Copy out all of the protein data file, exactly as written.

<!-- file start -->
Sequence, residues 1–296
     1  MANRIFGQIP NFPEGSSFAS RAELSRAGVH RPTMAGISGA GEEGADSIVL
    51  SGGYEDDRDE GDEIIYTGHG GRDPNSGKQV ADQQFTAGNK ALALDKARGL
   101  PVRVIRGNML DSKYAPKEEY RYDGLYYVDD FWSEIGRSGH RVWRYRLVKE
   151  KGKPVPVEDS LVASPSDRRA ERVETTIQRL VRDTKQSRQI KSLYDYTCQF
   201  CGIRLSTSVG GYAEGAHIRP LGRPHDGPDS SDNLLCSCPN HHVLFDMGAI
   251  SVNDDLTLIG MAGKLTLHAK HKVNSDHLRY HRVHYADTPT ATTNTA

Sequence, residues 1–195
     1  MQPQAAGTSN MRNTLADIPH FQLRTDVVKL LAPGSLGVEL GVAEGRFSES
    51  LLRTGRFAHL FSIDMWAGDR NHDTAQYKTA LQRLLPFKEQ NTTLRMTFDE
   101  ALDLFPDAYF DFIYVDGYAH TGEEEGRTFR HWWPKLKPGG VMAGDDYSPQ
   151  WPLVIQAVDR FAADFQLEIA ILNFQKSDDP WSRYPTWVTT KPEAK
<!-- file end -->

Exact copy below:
Sequence, residues 1–296
     1  MANRIFGQIP NFPEGSSFAS RAELSRAGVH RPTMAGISGA GEEGADSIVL
    51  SGGYEDDRDE GDEIIYTGHG GRDPNSGKQV ADQQFTAGNK ALALDKARGL
   101  PVRVIRGNML DSKYAPKEEY RYDGLYYVDD FWSEIGRSGH RVWRYRLVKE
   151  KGKPVPVEDS LVASPSDRRA ERVETTIQRL VRDTKQSRQI KSLYDYTCQF
   201  CGIRLSTSVG GYAEGAHIRP LGRPHDGPDS SDNLLCSCPN HHVLFDMGAI
   251  SVNDDLTLIG MAGKLTLHAK HKVNSDHLRY HRVHYADTPT ATTNTA

Sequence, residues 1–195
     1  MQPQAAGTSN MRNTLADIPH FQLRTDVVKL LAPGSLGVEL GVAEGRFSES
    51  LLRTGRFAHL FSIDMWAGDR NHDTAQYKTA LQRLLPFKEQ NTTLRMTFDE
   101  ALDLFPDAYF DFIYVDGYAH TGEEEGRTFR HWWPKLKPGG VMAGDDYSPQ
   151  WPLVIQAVDR FAADFQLEIA ILNFQKSDDP WSRYPTWVTT KPEAK